Before diving in, it’s important to note the distinction between remote and virtual teams. Often used interchangeably, they have essential differences.

Remote teams

Remote employees comprise remote workers in different remote locations who work on the same projects together. Teams communicate and collaborate using digital tools like email, messaging apps, and video conferencing. While they occasionally meet in person and conduct face-to-face meetings, most interactions occur remotely. Still, they share a physical workspace that they might occasionally attend.

Virtual teams

Virtual teams, on the other hand, refer to a group of people who work together on a project or task without ever sharing a physical workspace. Virtual team members are composed of remote workers who are geographically dispersed and may work in different time zones. Virtual teamwork relies heavily on technology, with digital tools being the primary means of communication and coordination.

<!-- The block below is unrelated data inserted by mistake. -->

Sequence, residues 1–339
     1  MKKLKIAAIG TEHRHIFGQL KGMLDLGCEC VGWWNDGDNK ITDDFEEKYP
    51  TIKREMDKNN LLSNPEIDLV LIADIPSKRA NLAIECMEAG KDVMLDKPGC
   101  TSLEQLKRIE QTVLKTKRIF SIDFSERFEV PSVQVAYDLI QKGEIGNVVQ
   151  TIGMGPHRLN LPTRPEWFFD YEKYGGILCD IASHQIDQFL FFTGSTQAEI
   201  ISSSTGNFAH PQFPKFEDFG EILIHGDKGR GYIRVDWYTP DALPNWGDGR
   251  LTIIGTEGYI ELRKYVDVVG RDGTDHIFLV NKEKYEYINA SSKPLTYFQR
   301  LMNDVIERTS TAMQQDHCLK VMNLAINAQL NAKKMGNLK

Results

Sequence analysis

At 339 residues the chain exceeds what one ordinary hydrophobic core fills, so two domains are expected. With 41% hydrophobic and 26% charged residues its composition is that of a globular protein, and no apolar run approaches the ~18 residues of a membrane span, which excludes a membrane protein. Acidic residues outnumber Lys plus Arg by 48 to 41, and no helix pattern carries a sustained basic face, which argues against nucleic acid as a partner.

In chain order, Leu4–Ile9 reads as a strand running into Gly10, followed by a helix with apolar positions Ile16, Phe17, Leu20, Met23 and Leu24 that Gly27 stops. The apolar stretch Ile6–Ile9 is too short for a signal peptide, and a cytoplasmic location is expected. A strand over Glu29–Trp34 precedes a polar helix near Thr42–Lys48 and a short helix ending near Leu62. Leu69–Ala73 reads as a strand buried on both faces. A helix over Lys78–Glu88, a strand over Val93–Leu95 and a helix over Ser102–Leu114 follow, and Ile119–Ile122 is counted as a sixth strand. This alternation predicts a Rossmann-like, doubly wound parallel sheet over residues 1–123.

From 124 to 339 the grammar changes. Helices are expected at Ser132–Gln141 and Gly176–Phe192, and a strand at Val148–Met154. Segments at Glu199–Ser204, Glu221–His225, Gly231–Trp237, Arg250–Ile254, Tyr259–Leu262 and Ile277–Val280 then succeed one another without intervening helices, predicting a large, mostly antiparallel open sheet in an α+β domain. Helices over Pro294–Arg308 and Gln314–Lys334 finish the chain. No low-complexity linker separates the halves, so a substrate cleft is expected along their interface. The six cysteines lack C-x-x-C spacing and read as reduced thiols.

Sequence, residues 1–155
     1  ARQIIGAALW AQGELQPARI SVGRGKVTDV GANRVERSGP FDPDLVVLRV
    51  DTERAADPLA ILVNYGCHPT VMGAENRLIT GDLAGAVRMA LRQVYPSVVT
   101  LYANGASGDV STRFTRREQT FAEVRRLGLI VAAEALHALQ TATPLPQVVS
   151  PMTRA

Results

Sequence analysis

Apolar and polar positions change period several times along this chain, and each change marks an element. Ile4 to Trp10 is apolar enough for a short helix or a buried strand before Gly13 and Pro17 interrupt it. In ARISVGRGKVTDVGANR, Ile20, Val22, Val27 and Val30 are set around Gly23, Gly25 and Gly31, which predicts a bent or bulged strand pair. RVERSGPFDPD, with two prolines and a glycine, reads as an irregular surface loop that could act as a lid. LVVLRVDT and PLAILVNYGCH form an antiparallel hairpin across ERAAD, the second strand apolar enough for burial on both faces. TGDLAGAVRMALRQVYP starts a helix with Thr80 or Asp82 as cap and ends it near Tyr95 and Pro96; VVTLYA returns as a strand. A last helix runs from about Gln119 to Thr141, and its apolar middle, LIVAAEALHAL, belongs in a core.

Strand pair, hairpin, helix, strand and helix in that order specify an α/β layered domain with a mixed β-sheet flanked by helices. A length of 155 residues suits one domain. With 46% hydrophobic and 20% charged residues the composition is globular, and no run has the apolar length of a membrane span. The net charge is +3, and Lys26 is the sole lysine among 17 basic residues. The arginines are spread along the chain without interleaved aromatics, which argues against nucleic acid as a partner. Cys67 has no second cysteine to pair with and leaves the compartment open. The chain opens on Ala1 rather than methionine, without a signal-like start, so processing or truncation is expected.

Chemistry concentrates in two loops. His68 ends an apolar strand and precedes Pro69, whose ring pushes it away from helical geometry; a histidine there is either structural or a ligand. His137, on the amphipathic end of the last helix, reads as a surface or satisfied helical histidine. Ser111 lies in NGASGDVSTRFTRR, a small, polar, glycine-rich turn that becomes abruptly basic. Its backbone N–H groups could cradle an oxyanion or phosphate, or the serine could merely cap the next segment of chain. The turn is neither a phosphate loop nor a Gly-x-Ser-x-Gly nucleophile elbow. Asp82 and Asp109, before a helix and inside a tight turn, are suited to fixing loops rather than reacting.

To make matters more confusing, virtual and distributed teams are sometimes interchangeable. For this article, we’ll stick to using the term virtual teams.

Hybrid teams

Hybrid teams are becoming increasingly popular post the peak of COVID. By combining remote and on-site workers, a hybrid work environment enables organisations to reap the benefits of both remote work and in-person collaboration. Hybrid teams offer flexibility and convenience for remote workers, who can work from anywhere while also providing the opportunity for in-person collaboration and socialisation for those who prefer to work on-site.

Managing virtual teams